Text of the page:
Perhaps the most interesting way to get to Basnko is via the narrow-gauge train from Septemvri. Traversing beautiful mountains and valleys and passing by countless rural Bulgarian villages, the train is considered by some as one of the most scenic rides in the Balkans . Septemvri is on the main rail line between Sofia and Plovdiv, so access is quite easy. However, this is not the most practical route to Bansko by any means, as the train takes just under 5 hours with an operating speed of just 30–50 km/h to complete a journey doable in 1½ hours by car. For those with the extra flexibility required for the ride, however, this is the way to get to Bansko. See BDZ for timetables.
The nearest rail station served by standard-gauge trains lies in Blagoevgrad. Blagoevgrad lies on the main line from Sofia south and is easily accessible from the city, from which buses to Bansko are plentiful.
There are many buses departing Sofia each day from different stations so be sure to check which station your bus is departing from. Room for luggage can be an issue as they are mainly vans so you may have to wait for the next one on occasion if you have bulky items e.g. snowboard. The cost is around 16 leva each way. The timetable can be found here.
From Blagoevgrad there is frequent bus service (every 30–60 minutes) to Bansko, the ticket costs 3-4 leva. The bus station is very close to the train station, around 5 minutes on foot. From Bansko bus station you can call a taxi to your hotel, ask at the ticket office. You should agree on the price when you get in to avoid surprises (10-15 leva should be enough). Note some hotels may suggest a bus ride from Blagoevgrad to Bansko, but at a much higher price.
Getting around in Bansko is relatively easy. The town is not large, and walking around is nice. The city government never permit high rises hotels to settle within the old city area.
Taxis are relatively cheap (5-10 leva), though you should arrange the price beforehand. Have your hotel reception call you a taxi if you can.
If you get to Bansko with your car, bear in mind that few roads get cleaned from the snow and ice, so snow chains may be required even in the city. Don't be fooled by local cars not using chains, as they use winter tyres which make a lot of difference!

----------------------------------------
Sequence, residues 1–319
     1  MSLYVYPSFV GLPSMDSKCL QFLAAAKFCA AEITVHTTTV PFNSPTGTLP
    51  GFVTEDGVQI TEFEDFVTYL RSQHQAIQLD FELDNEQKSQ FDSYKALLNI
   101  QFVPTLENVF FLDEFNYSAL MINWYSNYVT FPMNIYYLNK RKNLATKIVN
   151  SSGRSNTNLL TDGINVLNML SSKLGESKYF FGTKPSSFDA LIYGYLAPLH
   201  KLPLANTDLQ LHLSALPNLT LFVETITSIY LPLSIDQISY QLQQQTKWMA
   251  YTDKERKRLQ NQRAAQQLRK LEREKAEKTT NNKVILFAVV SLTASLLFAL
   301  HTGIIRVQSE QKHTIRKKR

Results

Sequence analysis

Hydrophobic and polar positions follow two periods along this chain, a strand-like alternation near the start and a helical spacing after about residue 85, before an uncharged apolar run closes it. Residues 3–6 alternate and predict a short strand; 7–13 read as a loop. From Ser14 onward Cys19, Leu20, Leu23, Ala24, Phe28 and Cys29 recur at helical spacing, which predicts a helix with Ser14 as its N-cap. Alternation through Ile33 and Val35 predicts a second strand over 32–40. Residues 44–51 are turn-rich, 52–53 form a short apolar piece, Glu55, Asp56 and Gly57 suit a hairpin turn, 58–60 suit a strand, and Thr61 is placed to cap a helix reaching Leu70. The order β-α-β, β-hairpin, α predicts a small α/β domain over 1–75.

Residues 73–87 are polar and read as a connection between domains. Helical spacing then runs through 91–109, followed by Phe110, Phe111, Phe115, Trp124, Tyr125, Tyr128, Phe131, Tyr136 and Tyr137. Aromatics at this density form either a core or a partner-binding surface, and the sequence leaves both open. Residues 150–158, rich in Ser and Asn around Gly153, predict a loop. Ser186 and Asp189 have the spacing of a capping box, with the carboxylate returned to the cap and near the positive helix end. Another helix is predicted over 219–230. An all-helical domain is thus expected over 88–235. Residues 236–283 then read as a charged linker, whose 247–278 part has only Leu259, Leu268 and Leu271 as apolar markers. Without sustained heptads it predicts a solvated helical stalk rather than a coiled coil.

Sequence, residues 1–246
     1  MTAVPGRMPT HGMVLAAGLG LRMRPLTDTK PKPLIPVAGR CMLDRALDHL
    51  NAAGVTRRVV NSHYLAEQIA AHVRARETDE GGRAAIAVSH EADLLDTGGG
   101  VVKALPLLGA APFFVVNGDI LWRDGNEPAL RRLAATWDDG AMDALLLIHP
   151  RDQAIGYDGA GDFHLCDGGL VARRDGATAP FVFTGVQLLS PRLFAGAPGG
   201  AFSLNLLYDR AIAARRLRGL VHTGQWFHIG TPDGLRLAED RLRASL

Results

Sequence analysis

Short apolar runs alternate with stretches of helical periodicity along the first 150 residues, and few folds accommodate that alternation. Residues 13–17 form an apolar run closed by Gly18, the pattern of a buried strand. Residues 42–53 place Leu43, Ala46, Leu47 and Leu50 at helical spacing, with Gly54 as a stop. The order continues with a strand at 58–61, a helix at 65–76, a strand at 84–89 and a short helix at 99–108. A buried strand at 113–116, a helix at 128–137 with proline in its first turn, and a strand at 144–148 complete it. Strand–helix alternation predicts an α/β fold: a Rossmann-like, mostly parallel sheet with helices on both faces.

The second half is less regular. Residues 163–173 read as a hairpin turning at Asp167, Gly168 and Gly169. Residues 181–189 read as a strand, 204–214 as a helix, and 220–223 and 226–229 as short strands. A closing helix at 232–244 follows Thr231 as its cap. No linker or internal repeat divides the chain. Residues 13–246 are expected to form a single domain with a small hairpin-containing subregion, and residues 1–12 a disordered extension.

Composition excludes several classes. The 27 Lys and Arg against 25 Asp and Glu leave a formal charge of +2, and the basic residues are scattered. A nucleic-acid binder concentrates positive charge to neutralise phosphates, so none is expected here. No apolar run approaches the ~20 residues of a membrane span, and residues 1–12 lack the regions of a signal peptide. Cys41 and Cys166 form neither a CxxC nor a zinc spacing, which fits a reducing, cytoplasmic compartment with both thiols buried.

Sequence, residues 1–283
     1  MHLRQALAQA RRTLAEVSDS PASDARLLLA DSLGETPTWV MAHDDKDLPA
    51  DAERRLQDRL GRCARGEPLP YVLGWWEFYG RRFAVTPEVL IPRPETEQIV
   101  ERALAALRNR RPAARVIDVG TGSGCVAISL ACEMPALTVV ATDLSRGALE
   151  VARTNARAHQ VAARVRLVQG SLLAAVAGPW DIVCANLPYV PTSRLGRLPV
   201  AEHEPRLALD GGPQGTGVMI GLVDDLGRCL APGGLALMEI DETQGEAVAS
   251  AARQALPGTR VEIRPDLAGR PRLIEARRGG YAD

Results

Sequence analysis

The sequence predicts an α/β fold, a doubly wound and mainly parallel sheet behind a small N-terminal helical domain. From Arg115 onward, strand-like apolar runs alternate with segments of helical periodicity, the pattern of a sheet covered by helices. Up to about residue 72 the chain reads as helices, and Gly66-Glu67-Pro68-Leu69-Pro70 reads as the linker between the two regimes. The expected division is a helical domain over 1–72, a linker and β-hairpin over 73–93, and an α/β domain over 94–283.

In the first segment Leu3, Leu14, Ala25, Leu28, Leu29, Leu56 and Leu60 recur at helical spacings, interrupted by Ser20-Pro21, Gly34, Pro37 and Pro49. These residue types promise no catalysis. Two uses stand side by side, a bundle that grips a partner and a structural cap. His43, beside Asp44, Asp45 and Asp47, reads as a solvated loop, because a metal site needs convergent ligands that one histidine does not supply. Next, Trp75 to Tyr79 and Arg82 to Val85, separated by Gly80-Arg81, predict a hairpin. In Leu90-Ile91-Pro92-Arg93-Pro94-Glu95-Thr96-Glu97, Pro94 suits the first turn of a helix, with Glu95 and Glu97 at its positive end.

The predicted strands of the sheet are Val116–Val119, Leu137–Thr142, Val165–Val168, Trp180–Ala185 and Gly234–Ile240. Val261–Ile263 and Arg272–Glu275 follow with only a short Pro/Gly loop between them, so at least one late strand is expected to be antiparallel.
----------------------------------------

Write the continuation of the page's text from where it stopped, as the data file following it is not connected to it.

Renting a car from Sofia for most tourists is considerably beneficial because of the flexibility. Taxi rides can cost €1-5 per kilometer and are not recommended when traveling outside the city of Bankso.
In a nice day, with good visibility the view of the mountains is beautiful, especially if you take the lift to the ski tracks. (You should get to the ski tracks at least once even if you do not ski yourself
- 1 Belitsa Dancing Bear Park. 33 km from Bansko is the Four Paws Bear sanctuary, offering a new home to bears that had been forced to dance. It's in a huge park with several large enclosures. The bears can now roam relatively freely with others of their kind. Information suggests that there are tours that leave hourly. A taxi (unofficial!) from Bansko, with 2 hours' wait, cost 60 leva though a lower price could probably be gotten with more bargaining over beer. Take good walking shoes. Guiding tour visits are organised every hour between Apr-May: 10:00-18:00; Jun-Sep: 10:00-20:00; Oct-Nov: 10:00-16:00; Dec-Mar no tours.
Bansko is a good place for skiing in winter. The resort is mainly suited to beginners and those more advanced will get bored quite quickly. Also don't expect the runs to be groomed to often. Skiers and Snowboarders could find BanskoSki useful. It is also a good idea to avoid any English school holidays as there will be insane amounts of people everywhere (and a 3-hour wait to get up the mountain via gondala) as well as the skiing world cup as half of the runs will be closed for the weeks leading up to it.
You can rent ski gear at the first station and get a discount at the lift ticket, though if you want to leave your skis there overnight there is an extra charge. A lot of ski rental shops can be found around the first station, where you can probably rent gear in better condition and get a good price if you book for more than 1 day (recommended). (Full ski gear for 4 days cost 100 leva). You can probably arrange to leave the gear at the shop overnight for free.
The weather in Bansko is obviously colder than some Greek ski resorts, so warmer clothes and a full face hood is nice to have.
You can get a multiday ticket for the lifts, although the discount is negligible. There is also a half day ticket after 12:30 or 13:00 each day, but you can also buy tickets at a better price from people leaving the ski centre before the end of the day, around the ticket offices.
Most hotels offer a bus service to the ski lift station in the morning and afternoon. Try to get to the lift station not later than 09:00 to avoid long queues. It is also advisable to buy the tickets from the previous afternoon for the same reason. There are also minibuses to ferry people up the mountain in the morning which is included in the lift pass.